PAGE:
Carbon fiber iPods! No iPad 3 this year! A cable killer! Yes, the smell of Apple rumors is in the air today. Let’s take a closer look at this lovely trio and guess at each rumor’s likelihood.
No iPad 3 in 2011
Part of the classic “new rumor negates old rumor” genre, DigiTimes reports that there will be no iPad 3 this year. The original story was first propagated by Daring Fireball’s John Gruber, a well-connected blogger who admitted he was simply guessing. A later story in Cult of Mac said the iPad 2 wouldn’t be a huge improvement over its predecessor compared to the iPad 3, which would reportedly arrive during the 2011 holiday season. Half of that rumor was entirely subjective, but the only major missing feature from the iPad 2 was a higher-resolution screen than the original.
Now, DigiTimes says Apple is indeed planning an iPad with either an AMOLED screen or a full HD display, but the project is in its initial planning stages, making a 2011 launch unlikely. The iPad 3 rumor was shaky to begin with, so although DigiTimes doesn’t have a flawless track record with Apple reports, the publication is probably on point this time.
Carbon Fiber iPod With Wi-Fi Sync
Next up, another Cult of Mac rumor that says Apple is prototyping an iPod made of carbon fiber, and that it’ll allow users to sync their libraries over Wi-Fi. The strange thing about this rumor is that it only applies to non-connected iPods, such as the Shuffle and Classic. Cult of Mac had no details on Wi-Fi sync or building materials for iPod Touches or iPhones.
Still, Apple just hired a carbon fiber expert, which gives the report some merit, and Apple has already gone too long without letting users sync wirelessly with iTunes. Apparently, the carbon fiber is what makes the Wi-Fi sync possible, because it improves signal strength and reliability, so both rumors go hand-in-hand. They seem somewhat plausible to me.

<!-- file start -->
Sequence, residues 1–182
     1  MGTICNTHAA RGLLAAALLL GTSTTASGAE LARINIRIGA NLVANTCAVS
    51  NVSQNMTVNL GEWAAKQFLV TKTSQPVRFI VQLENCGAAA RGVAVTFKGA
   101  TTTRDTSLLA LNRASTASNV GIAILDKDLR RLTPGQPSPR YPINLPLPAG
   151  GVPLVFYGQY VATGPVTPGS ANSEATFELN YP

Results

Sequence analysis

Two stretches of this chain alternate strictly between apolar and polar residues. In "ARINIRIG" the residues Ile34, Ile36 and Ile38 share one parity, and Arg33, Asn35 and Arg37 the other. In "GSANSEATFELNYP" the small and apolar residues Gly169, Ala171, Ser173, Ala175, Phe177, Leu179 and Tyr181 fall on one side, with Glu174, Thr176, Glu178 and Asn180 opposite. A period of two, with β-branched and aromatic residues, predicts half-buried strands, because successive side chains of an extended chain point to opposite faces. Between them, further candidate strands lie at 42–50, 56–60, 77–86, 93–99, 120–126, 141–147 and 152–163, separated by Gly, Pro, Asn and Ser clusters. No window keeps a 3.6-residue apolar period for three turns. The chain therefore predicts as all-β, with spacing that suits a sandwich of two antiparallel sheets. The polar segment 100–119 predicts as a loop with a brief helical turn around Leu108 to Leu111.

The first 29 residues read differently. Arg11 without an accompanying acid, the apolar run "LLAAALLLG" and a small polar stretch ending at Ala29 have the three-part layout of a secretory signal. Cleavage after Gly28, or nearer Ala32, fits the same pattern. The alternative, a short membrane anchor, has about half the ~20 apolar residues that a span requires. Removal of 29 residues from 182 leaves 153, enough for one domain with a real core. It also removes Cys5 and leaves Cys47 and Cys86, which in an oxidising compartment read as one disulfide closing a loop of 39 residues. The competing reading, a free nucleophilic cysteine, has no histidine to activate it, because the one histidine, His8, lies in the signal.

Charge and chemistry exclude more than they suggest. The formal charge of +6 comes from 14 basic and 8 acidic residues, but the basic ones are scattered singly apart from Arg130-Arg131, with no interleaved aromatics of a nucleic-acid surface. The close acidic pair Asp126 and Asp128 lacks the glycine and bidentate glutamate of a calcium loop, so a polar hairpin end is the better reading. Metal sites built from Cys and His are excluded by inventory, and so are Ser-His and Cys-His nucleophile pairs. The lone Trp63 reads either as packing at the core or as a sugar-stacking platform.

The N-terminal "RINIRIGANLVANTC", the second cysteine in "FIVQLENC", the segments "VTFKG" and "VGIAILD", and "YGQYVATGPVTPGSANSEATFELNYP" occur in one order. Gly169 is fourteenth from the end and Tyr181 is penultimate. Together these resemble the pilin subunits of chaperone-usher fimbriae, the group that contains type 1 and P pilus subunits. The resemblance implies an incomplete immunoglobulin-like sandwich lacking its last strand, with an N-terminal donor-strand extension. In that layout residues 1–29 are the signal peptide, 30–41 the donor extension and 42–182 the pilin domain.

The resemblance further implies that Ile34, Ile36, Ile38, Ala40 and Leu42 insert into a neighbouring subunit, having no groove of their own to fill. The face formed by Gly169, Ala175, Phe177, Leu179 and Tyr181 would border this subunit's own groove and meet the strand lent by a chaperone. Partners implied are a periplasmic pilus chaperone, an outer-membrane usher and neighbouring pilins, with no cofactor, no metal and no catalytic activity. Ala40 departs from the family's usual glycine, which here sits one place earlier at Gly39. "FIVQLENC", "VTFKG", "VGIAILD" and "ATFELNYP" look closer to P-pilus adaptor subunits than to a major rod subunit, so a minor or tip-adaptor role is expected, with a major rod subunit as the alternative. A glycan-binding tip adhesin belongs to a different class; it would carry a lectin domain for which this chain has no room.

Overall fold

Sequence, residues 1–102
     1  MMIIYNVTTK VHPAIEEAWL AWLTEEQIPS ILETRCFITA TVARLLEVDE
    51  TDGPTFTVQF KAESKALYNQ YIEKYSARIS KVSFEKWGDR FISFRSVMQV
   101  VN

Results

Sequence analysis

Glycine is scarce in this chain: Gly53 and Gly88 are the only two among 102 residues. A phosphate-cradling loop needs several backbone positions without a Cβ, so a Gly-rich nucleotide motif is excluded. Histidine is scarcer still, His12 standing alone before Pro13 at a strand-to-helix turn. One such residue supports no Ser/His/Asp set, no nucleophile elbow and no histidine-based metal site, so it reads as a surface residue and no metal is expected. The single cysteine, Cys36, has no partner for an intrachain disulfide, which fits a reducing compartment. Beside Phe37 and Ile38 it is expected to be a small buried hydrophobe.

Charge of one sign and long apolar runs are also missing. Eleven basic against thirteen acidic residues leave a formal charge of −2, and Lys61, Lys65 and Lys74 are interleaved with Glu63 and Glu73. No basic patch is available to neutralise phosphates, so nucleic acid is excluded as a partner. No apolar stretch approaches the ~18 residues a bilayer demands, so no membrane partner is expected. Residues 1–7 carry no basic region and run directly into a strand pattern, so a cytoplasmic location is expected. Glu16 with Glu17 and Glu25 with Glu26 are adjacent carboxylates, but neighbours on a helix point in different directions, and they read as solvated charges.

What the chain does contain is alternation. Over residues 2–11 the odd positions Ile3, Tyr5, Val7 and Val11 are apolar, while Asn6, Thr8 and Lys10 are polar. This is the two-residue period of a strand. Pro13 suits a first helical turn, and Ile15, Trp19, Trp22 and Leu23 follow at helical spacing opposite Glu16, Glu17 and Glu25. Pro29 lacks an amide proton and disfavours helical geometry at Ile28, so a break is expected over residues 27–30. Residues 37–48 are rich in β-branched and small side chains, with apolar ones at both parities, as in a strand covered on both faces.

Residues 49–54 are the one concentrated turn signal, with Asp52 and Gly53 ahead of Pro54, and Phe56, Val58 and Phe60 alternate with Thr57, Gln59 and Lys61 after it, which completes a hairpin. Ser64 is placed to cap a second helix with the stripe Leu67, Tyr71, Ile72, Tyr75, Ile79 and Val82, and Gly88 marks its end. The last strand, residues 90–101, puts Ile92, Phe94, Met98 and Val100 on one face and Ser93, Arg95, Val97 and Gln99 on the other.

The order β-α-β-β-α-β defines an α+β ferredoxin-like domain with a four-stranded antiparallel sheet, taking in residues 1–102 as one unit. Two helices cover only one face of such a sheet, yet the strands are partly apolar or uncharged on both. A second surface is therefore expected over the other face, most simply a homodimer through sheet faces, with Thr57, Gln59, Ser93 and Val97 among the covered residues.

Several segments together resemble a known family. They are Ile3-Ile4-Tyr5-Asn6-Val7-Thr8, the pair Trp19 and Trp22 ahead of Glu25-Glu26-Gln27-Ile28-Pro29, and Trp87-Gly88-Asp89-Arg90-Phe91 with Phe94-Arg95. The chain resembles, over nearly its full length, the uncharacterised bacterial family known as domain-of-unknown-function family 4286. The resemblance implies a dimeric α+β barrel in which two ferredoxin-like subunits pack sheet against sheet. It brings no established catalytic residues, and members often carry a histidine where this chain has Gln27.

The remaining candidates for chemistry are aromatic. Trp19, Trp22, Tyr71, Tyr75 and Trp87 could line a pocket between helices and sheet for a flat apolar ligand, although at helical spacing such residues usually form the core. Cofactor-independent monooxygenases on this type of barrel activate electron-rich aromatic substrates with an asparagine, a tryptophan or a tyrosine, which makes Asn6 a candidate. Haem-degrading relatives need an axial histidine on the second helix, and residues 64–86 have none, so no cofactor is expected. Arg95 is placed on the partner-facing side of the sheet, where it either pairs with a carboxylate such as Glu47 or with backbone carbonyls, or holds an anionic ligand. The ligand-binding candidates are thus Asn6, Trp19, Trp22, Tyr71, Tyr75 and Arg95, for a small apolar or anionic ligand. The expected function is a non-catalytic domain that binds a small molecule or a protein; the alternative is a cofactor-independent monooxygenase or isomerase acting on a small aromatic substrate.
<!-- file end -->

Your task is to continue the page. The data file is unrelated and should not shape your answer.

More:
Cable-Threatening TV Service
Finally, Jefferies analyst Peter Misek says Apple is on the verge of launching “a new far reaching cloud-based service” for video. The subscription service would supposedly rival Netflix and threaten traditional TV. Misek also rehashes the rumor that Apple could eventually launch a TV of its own.
As Business Insider points out, Misek’s report seems more like informed speculation than sourced information. That’s generally a bad sign, as Apple can be unpredictable, especially when it comes to speculative analysis. We’ve heard rumors of subscription iTunes television before, but so far the best Apple can manage is cheap rentals from a couple of networks. Hollywood is fiercely protective of existing business models, so rumors about disruptive new businesses should be considered unreliable, especially if they involve Apple. The company already has an iron grip on the music business, and I don’t think TV networks are eager to see the same thing happen to them.